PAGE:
Roger Goodell negotiating contract extension to remain NFL commissioner for foreseeable future, per report

Roger Goodell

Rumors of the departure of Roger Goodell may have been greatly exaggerated. There was speculation recently that the longtime NFL commissioner was likely to pass the baton in the near future, but it looks as if the opposite could be true. Goodell is reportedly in talks with the league and team owners to remain on in his current role as commissioner for the foreseeable future, with a fourth contract extension believed to be on track to land in the next few months — per The Sports Business Journal.

“He’s at the top of his game right now,” one anonymous owner reportedly said. “Why would we want him walking out the door?”

That said, the league itself disputes there are any ongoing talks to extend Goodell.

“There is no truth to this report,” said NFL Vice President of Communications Brian McCarthy.

Time will reveal which is true, but if Goodell is in fact open to another term as commissioner and the league (be it now or later) is mutually affectionate toward him, it would mean team owners as a whole truly do believe Goodell is going a great job at his position, despite very vocal public opinion to the contrary. The 62-year-old most recently signed a new deal in 2017, and it was officially noted by the league it would be Goodell’s last hoorah — likely also assuming the NFL would have located his successor by now.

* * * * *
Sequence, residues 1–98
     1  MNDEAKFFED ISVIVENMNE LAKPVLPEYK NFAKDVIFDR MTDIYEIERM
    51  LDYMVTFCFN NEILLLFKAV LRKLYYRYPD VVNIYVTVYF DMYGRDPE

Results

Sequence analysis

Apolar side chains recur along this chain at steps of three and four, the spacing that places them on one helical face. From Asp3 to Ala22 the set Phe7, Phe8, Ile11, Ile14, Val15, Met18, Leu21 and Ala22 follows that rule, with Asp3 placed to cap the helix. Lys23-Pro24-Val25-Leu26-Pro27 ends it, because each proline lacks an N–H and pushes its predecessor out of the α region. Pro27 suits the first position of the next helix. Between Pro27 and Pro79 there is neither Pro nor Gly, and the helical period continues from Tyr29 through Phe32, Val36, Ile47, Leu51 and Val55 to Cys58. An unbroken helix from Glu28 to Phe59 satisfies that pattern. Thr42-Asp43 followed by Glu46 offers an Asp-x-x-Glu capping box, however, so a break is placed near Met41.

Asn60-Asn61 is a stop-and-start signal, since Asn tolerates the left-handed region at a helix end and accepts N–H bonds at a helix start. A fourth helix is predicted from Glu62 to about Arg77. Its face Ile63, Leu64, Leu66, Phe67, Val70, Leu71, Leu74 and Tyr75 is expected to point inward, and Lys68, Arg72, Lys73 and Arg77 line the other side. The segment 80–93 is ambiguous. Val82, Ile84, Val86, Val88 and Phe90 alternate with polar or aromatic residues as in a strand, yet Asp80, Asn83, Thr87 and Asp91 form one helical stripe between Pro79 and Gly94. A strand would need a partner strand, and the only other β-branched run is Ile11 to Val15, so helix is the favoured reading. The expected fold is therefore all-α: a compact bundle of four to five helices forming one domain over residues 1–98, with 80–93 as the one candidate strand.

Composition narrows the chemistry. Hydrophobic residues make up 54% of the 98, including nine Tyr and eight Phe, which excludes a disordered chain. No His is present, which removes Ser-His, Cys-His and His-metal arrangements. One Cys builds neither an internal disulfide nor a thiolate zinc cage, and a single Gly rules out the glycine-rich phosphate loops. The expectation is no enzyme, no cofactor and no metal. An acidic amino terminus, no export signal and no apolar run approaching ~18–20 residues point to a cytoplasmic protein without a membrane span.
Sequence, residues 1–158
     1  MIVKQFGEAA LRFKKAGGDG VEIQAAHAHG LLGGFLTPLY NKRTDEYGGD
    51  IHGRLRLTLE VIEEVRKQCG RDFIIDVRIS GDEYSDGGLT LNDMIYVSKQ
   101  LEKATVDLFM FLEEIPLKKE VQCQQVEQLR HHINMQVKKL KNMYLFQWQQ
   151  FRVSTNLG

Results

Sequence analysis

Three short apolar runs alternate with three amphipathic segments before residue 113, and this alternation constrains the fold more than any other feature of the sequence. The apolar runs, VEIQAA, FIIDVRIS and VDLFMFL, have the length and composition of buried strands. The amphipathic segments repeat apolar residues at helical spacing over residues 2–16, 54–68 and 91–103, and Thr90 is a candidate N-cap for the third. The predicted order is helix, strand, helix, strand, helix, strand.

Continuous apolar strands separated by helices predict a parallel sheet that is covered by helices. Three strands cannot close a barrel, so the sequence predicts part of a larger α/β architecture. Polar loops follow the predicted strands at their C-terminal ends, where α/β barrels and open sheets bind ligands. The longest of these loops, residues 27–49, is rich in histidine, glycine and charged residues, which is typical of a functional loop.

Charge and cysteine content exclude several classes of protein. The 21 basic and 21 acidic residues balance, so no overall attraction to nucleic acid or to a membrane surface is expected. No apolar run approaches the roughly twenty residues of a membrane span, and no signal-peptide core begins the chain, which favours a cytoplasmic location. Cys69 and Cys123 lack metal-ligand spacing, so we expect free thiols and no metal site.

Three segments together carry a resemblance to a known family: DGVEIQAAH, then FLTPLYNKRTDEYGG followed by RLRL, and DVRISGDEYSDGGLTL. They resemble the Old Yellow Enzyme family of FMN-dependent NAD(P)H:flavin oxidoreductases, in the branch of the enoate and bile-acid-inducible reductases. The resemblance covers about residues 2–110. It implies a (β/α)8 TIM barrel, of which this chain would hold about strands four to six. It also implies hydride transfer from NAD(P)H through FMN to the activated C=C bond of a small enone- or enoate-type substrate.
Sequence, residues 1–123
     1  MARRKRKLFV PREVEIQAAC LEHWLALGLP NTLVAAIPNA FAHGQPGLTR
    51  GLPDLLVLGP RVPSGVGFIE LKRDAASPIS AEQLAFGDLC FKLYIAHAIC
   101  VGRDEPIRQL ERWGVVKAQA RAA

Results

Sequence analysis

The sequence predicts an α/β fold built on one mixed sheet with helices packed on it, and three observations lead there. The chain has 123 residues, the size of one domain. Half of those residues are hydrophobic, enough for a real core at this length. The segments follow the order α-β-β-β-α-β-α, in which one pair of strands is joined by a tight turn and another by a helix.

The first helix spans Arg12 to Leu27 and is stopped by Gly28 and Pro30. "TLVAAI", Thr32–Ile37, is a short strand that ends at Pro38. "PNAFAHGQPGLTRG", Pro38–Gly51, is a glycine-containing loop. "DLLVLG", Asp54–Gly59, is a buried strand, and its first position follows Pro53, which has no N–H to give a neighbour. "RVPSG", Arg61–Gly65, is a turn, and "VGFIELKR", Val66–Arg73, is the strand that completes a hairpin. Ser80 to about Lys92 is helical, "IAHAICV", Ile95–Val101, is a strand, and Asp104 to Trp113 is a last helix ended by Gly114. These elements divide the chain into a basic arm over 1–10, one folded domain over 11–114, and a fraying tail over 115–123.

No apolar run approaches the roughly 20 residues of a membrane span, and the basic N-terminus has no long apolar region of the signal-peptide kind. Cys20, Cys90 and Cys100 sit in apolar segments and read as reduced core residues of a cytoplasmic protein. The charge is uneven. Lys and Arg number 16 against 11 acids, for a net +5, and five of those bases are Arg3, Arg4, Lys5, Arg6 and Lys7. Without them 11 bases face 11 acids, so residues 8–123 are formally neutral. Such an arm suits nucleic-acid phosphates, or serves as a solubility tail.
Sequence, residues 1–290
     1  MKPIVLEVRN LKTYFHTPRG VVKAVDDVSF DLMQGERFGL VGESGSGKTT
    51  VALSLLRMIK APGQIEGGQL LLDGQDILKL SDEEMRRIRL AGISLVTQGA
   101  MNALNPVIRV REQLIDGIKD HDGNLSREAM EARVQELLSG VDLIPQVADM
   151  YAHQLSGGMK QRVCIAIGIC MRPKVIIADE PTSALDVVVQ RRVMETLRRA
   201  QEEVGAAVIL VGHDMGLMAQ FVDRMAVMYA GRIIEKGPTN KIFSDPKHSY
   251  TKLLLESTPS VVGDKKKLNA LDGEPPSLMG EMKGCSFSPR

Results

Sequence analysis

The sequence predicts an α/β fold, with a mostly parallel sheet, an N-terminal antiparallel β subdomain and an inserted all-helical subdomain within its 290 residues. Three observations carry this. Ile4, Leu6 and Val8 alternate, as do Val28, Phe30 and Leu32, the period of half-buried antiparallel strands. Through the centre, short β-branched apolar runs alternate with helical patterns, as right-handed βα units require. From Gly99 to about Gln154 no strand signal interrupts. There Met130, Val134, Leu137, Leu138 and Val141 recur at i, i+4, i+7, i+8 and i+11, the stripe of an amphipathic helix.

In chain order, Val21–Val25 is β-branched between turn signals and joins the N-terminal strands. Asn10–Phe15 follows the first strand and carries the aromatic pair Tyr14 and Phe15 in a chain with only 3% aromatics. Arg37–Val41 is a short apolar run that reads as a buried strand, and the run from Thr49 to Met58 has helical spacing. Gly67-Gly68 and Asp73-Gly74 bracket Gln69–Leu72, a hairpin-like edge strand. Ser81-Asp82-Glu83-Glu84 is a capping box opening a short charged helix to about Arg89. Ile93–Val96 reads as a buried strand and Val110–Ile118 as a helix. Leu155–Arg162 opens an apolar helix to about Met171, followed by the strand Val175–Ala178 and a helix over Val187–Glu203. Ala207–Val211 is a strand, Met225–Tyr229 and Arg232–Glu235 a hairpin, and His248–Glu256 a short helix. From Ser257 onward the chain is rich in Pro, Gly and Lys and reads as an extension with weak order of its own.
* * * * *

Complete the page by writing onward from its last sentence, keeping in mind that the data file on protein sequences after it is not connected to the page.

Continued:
It’s possible they haven’t, given how owners must approve of whomever they put forth as a candidate, and an inability to do so to this point would logically steer them back to Goodell for a few more laps around the track. His current deal is set to expire in 2024, and Ben Fischer of The Sports-Business Journal reports a fourth extension for Goodell would likely land between two to four years.

News of a possible extension comes at a pivotal time for the NFL, currently faced with damaging allegations from former Miami Dolphins head coach Brian Flores of both Rooney Rule violations by the New York Giants (along with a suit citing retaliation by the Houston Texans) and intentional tanking attempts by Dolphins owner Stephen Ross; as well as U.S. Congress demanding answers in the matters of Dan Snyder and the Washington Commanders.

All told, the league has a ton of work to do — both on (officiating concerns) and off of the field — and the NFL might view it as the worst possible time to change sheriffs, while many others believe the literal opposite.

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